By Erin Pustay IndeOnline.com
PERRY TWP. — Real heroes don’t wear capes. They don’t have superhuman powers. Often, heroes are just ordinary people who have hearts big enough to change the world.
Anna Peters would never consider herself a hero, although she certainly seems like one to the little boys who get loads of Christmas gifts every year. No, Peters, 68, is just doing what she feels she’s been called to do.
She’s giving back and changing the world for the better, one child at a time.
Since 2007, Peters has been picking a name off the Salvation Army’s Angel Tree and purchasing gifts for that child — always a little boy.
The way she has it figured, it was a little boy who saved her life; she might as well do her darnedest to save someone else’s.
“I just want to do something in his memory,” Peters said of her hero.
Four years ago, an 8-year-old boy Peters never met gave her a gift unlike anything she ever could have dreamed of receiving. He gave her a second chance at life.
Peters for years had lived with polycystic kidney disease, a condition that causes cysts to grow on the kidneys and prevents them from properly filtering blood.
The condition is hereditary, and while Peters’ son and daughter both offered to donate a kidney, she refused to accept the gift, reasoning, “What if one of my grandchildren would need a kidney someday?”
So Peters waited.
She continued her dialysis treatments — for nine hours at a time each night — and hoped for a miracle.
On Aug. 2, 2007, Peters got the call that a kidney was available.
“I didn’t know why I was chosen,” Peters said, “but I was.”
Facing the possibility of a transplant made Peters’ heart pound with the excitement. This was her miracle. But just as quickly as her heart filled with excitement, it broke.
“I was thrilled,” Peters said, “but it broke my heart to find out that the kidney was from an 8-year-old boy who had died in an accident.”
To Peters, it didn’t seem fair. If the kidney had been donated by a 75-year-old man who had lived and loved and experienced all that life has to offer she could have accepted the gift without regret. But this was just a little boy who had so much yet to experience.
“That was really hard for me to accept,” Peters said. “Here I was thinking of my own grandsons and how I had refused to take a kidney from my son or daughter because I wanted to protect them.”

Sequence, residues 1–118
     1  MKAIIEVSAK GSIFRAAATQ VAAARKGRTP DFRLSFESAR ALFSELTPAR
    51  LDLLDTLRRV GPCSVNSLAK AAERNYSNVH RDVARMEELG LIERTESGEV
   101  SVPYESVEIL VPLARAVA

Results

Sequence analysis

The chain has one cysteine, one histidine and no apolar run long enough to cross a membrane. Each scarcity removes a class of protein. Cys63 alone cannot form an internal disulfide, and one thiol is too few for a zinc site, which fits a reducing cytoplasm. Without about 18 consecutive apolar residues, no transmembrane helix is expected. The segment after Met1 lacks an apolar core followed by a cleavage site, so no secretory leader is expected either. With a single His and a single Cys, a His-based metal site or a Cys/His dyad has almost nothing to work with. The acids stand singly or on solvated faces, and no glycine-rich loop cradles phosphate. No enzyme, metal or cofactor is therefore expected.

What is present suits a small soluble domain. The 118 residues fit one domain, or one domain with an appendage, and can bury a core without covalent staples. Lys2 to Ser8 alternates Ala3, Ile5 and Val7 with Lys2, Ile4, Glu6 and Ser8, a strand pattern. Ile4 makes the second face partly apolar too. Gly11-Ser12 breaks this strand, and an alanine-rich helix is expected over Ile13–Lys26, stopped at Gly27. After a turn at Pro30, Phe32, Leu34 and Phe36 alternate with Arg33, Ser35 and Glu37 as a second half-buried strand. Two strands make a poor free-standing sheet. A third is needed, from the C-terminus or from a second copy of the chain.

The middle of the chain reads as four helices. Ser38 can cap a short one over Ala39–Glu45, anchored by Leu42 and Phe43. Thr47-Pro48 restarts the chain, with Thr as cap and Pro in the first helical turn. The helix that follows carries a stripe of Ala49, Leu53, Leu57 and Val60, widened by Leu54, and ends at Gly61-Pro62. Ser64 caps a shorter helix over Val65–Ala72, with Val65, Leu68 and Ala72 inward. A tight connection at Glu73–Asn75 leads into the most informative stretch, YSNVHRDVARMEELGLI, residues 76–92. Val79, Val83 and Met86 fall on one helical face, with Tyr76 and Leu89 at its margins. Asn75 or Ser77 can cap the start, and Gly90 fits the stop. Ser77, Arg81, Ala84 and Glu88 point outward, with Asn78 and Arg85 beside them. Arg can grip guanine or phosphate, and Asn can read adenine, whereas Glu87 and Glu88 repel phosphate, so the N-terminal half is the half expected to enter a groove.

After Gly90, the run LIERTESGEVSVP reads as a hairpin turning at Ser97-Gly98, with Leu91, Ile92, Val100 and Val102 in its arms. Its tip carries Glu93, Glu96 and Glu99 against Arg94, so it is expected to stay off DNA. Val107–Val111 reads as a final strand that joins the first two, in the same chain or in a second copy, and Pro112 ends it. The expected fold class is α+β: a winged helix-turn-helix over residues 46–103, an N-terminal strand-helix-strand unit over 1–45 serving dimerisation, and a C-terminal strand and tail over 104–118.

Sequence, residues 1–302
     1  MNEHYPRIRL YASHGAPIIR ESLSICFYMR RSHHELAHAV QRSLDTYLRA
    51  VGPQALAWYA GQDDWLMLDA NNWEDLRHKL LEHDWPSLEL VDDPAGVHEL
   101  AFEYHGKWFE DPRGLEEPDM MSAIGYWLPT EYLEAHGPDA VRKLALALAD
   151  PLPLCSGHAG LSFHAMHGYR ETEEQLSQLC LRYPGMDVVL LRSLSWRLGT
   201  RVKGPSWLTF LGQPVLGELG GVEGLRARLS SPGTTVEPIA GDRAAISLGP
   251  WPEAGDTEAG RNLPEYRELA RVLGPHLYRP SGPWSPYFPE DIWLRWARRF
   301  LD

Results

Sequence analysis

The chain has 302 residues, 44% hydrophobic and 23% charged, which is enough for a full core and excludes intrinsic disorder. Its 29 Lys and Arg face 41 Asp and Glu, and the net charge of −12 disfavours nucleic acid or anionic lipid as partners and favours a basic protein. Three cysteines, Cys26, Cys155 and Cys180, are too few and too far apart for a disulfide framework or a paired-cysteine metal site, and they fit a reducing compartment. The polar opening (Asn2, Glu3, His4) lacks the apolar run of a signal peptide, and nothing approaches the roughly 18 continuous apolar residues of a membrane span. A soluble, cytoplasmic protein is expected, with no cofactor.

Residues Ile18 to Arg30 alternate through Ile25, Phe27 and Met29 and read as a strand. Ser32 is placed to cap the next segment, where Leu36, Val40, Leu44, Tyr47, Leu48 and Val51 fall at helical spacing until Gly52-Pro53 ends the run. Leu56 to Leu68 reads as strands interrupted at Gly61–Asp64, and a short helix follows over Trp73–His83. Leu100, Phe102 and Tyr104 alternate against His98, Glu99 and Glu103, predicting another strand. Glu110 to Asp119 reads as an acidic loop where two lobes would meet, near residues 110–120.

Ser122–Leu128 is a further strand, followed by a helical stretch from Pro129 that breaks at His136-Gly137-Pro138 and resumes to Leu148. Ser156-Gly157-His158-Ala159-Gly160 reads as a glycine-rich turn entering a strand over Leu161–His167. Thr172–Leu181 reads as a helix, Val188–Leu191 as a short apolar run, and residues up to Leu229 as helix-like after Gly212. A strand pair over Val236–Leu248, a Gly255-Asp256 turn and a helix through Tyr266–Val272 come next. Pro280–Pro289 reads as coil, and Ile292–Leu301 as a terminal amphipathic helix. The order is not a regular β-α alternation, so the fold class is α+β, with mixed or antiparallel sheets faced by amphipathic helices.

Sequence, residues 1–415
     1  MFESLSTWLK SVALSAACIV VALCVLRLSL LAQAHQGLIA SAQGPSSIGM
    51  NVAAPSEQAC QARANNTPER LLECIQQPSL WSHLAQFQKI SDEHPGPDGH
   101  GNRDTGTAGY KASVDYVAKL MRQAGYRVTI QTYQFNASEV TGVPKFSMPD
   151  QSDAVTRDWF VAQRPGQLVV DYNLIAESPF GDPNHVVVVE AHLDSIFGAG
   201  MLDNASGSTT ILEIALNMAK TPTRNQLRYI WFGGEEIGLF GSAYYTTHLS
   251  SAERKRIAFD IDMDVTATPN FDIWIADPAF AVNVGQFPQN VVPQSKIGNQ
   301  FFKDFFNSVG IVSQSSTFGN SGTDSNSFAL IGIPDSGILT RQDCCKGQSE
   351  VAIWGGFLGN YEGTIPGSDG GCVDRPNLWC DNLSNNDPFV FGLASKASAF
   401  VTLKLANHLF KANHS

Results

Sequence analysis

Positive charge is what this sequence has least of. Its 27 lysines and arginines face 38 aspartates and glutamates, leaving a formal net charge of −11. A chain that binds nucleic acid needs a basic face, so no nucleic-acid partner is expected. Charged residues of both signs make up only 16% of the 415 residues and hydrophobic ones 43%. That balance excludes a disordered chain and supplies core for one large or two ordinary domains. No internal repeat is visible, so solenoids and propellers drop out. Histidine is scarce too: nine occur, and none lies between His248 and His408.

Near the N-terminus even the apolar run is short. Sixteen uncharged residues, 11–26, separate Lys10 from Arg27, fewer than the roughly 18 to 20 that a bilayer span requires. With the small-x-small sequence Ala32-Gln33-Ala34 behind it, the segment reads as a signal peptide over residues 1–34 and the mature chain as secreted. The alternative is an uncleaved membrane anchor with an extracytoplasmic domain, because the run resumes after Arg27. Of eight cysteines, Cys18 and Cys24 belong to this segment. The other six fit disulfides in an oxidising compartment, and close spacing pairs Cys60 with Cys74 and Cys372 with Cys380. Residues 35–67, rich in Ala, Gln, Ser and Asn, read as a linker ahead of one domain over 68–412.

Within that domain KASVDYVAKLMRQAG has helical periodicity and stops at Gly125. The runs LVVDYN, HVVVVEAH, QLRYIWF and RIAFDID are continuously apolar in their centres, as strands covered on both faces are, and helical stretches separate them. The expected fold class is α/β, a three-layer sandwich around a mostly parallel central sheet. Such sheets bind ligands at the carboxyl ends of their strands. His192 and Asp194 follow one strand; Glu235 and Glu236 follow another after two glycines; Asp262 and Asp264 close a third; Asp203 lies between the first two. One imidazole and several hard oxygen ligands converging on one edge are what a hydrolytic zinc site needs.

Peters, grateful to the donor and his family, moved forward with the transplant and vowed to give back in any way she could.
She saw the Salvation Army’s Angel Tree program as the perfect way to do that.
“I bought a bicycle and two of the biggest sets of Lego sets that Kmart had,” Peters said with a laugh. She also purchased more than $500 worth of other gifts, which included toys and clothes. “I bought whatever I could find in sizes I thought would fit.”
Every year since, Peters has continued to honor the young boy who donated his kidney by purchasing Christmas gifts of a child in need. Every year, she chooses a name from one of the Salvation Army’s trees and chooses it based on how old her young hero would be if he had not perished in that accident.
“This year is the fifth Christmas that I have purchased gifts,” Peters said. “This year, the boy who gave me the kidney would have been 12 years old.”
And just like she has every year before, Peters has gone above and beyond in memory of her hero.
“This year I got a Wii console and three games to go with it. I also got a small TV so he can be sure to play it,” Peters said.
“He asked for a CD player so I got a CD player and a few CDs.” With a chuckle Peters added, “I have no idea if he will like them or not. I doubt he likes the same music I do, but I suppose it’s the thought that counts.”
‘CHAIN OF LOVE’
Peters believes that honoring her 8-year-old hero goes far beyond a few Angel Tree Christmas gifts at Christmastime.
“I am hoping,” Peters said, “that I can honor that 8-year-old boy and that the chain of love he started will carry on.”
The chain of love, Peters said, starts with simple acts of kindness. It doesn’t take much to truly impact the community. It’s as simple as giving the change in your pocket.
“I hope people in the area remember the Salvation Army this time of year,” Peters said. “You probably think that if you put a dollar in one of those kettles it doesn’t mean much. But that dollar could buy a can of soup and to someone who is hungry, that dollar means (everything).”
Peters is also an advocate for organ donation. She knows firsthand how precious the gift of life can be. Imagine, she said, giving that gift to as many as eight people.
“You’d be surprised how many lives one donor can save,” Peters said. “One donor can make a much better quality of life for so many people.”